The United States can and should do a better job at signalling various ways where China can play a constructive role in Asia, said US President Barack Obama's former top Asia adviser.
Dr Evan Medeiros, who was senior director for Asian affairs at the National Security Council (NSC), urged the next US president to develop links with Chinese-led initiatives such as the Asian Infrastructure Investment Bank and the "One Belt, One Road" plan to improve China's connection with its neighbours.
"Signal to China that when we say we're comfortable with China's rise as long as it is not inconsistent with international rules and norms, we are backing it with actions," he added yesterday at the Xiangshan Forum, billed as China's version of the Shangri-La Dialogue.
Dr Medeiros added that China also needs to reciprocate, such as showing that it is not going to use force in the territorial disputes with neighbours in the East and South China seas, or over Taiwan.
"If there's a major Chinese use of force, it could run the risk of taking the relationship in a very negative direction as it could involve a US military response," said Dr Medeiros, who served six years on the NSC till June last year and is now Asia head for consultancy Eurasia Group.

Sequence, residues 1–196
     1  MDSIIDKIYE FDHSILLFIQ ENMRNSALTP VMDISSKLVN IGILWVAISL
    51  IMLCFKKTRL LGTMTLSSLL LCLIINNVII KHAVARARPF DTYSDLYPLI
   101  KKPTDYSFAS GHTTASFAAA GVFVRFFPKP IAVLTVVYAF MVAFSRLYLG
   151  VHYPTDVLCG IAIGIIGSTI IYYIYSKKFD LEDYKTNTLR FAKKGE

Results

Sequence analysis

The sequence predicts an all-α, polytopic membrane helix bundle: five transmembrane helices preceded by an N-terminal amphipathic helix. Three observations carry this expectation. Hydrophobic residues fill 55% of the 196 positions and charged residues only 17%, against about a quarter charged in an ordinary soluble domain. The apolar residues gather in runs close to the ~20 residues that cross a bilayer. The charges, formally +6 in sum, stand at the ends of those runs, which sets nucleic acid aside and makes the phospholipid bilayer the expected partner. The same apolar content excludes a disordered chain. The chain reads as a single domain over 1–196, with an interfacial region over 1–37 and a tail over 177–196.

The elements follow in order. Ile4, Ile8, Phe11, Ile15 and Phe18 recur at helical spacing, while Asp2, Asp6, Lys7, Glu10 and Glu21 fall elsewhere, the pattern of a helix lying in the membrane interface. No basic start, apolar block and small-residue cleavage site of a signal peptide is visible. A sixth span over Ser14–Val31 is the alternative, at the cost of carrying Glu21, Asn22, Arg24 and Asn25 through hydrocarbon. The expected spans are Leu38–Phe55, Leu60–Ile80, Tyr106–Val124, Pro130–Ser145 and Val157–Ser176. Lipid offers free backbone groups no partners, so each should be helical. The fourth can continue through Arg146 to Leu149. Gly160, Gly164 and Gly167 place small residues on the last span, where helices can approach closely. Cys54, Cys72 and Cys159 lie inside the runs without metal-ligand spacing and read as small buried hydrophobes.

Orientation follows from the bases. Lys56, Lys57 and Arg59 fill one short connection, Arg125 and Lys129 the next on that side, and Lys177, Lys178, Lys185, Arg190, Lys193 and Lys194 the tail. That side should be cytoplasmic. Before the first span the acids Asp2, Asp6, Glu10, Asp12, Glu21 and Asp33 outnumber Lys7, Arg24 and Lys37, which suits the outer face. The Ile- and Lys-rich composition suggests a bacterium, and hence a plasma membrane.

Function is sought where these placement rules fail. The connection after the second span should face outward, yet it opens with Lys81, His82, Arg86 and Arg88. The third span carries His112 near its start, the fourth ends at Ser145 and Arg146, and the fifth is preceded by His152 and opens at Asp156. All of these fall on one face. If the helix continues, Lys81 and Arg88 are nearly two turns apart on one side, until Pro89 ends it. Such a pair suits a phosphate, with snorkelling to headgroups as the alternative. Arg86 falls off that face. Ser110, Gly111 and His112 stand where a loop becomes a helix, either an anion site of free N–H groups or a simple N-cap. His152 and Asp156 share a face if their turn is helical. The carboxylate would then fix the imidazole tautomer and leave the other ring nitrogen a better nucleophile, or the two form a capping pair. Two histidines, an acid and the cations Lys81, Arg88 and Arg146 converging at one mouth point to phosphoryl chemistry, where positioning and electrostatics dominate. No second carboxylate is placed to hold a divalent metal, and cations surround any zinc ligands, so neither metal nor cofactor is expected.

He was responding to a question on the notion of power-sharing between the US and China during a session on major-power relations, which he said was a good idea, given the strategic mistrust in the Sino-US relationship that has led both sides to adopt a mutual hedging strategy.
Reflecting the mistrust, Dr Medeiros yesterday faced criticisms from Chinese delegates that the US has been trying to contain China's rise through its Asia rebalance strategy.
Dr Medeiros, who is described as the "key architect" of the strategy, said the rebalance comprises economic and diplomatic components while the military component, such as updating defence cooperation pacts with its allies, is aimed more at tackling new security threats.
"It's not because the US seeks to contain China. I was never in a single meeting at the White House where somebody put forward the idea of containing China. It is neither desirable nor feasible," he added.
But China's Academy of Military Science senior fellow Chen Xuewei said comments by senior US military officials seem to suggest otherwise, as he called for a stop to such rhetoric. "To resolve the South China Sea disputes, it is not what they do but what they do not do. Don't do the wrong thing," added Dr Chen.
Chinese analysts, in a separate session on maritime crisis management, warned that China would view it as a serious provocation if Japan were to join US patrols in the disputed waterway.
Said Nanjing University's South China Sea expert Zhu Feng: "I don't know how China would respond but I really hope Japanese friends would reconsider doing that rather than stick their noses too far across the line."
An unnamed Japanese defence ministry official later told the audience that Japan does not have plans to conduct routine patrols in the South China Sea. He added Tokyo does not take a position on sovereignty issues but cares about how the territorial disputes are resolved.